Since most saltwater fish are stronger and bigger, the butt section of the average saltwater rod is designed to do all the work. That is where your lifting power and turning capability stems from. For some people this is why they prefer fishing in saltwater over freshwater although many giants exist in sweeter waters.
Lets think about angles here for a minute, as it applies to the angle of the rod in relation to the angle of the water (horizontal) and in relation to the angle of the fish.
The most effective fish fighting method is to keep the butt section of the rod at a low angle to the water. That angle, in relation to the fish means that if the fish is moving left, your rod angle should be to your right, effectively putting pressure against the fish (from behind the fish) yet still off to its side (the fish’s left or right).
Hard low and left angle on fish running right and tight to the rocks
If the fish is running straight away out in front of you and you’re loosing line fast, angle the rod slightly to the left of right, but keep the butt section quite low to the water, yet keeping the vertical rod angle no higher than 45 degrees to the water. If the rod is lifted higher than 45degrees above the water (horizontal plane) when fighting a fish, the mid section of the rod has to do all the work then, and that section is not as strong as the butt section (bottom ~3ft of the rod). This prevents you from putting maximum pressure on the fish and increases the possibility of breaking the rods Gink & Gasoline wrote an article on that.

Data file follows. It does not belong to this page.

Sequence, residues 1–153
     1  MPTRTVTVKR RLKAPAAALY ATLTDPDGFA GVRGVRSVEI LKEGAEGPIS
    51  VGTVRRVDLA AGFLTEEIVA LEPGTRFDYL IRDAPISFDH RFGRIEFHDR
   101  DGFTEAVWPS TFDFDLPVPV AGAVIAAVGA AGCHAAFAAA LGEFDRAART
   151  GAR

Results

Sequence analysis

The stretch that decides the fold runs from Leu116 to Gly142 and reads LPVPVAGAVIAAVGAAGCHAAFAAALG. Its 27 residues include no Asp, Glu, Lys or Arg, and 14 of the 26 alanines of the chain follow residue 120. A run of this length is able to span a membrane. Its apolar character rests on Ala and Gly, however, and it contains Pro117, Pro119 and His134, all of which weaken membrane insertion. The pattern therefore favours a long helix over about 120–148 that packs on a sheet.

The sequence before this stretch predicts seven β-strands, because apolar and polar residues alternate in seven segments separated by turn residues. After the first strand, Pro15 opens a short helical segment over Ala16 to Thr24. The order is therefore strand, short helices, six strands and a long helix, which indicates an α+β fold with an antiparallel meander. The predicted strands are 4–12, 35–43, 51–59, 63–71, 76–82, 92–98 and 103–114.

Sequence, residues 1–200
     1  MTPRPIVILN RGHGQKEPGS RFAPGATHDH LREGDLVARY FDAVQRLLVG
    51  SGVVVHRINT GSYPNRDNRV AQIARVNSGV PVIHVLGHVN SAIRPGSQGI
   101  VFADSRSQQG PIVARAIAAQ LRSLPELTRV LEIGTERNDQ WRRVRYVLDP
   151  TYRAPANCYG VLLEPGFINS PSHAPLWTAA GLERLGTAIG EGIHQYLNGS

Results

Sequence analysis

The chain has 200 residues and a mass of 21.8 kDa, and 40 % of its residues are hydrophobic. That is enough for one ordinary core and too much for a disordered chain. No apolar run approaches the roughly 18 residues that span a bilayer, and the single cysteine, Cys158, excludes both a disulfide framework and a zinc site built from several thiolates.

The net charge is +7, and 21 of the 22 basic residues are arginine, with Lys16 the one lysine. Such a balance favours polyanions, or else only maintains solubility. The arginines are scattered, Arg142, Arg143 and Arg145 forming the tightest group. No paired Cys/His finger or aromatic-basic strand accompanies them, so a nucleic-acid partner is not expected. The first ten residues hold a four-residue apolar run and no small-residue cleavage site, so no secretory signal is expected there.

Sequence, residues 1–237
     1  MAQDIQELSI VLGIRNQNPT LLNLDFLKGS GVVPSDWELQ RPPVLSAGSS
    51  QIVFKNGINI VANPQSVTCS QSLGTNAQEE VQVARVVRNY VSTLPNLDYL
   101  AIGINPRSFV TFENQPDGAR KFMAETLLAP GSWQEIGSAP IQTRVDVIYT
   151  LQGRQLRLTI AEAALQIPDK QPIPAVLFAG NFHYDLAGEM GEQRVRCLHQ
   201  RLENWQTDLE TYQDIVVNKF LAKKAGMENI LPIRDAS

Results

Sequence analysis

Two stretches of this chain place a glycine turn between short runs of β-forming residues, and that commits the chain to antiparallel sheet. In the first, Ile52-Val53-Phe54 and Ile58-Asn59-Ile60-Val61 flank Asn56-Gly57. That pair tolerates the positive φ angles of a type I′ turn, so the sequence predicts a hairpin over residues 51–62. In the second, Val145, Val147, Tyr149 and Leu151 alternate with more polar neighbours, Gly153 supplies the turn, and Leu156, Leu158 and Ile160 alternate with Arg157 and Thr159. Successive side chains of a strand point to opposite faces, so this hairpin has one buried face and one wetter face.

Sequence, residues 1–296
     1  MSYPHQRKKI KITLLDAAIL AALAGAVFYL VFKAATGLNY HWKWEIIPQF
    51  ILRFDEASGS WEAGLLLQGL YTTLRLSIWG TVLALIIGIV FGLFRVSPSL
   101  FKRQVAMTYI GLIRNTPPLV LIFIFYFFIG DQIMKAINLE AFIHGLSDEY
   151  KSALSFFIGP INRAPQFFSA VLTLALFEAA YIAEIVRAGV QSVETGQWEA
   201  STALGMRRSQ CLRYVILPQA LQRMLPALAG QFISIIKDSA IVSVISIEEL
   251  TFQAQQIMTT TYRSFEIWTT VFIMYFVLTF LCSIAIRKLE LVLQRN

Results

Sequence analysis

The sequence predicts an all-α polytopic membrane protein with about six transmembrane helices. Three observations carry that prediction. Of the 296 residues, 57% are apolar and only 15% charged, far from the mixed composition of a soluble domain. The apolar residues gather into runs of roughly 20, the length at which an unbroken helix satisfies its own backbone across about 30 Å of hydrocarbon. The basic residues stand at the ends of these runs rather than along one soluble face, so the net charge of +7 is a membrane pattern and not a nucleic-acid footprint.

Hope you find this explanation helpful and with little effort and patience the mighty Jack will pay you a certain visit you cannot forget.
Until next time, sharpen your hooks and I will work to put together a video on preferred knots to connect the fly, and to connect leaders with bite tippets.
The early morning was rainy and achy on the Gulf of Mexico near Port Aransas but on my second attempt to get out of the truck I was able to buckle my Korkers to my feet thanks to a seriously strong coffee brew. Within an hour or so, I hooked two tarpon and lost them both, landed a 32incher, jumped a fourth (about 4ft long) and as it flew 8 feet in the air it threw the hook.
Fly caught 32″ Tarpon successfully released.
Then another schoolie tarpon eats my fly, jumps and is also free.
41 inches on this 12wt fly rod! The Hatch Reel stopped this fish within 121 feet.
Huge Bull Redfish and mini jack crevalle were literally blitzing on menhaden balls and I managed to land a 41inch redfish out of the melee. Then of course, I turned my back on the bulls to try to hook another tarpon.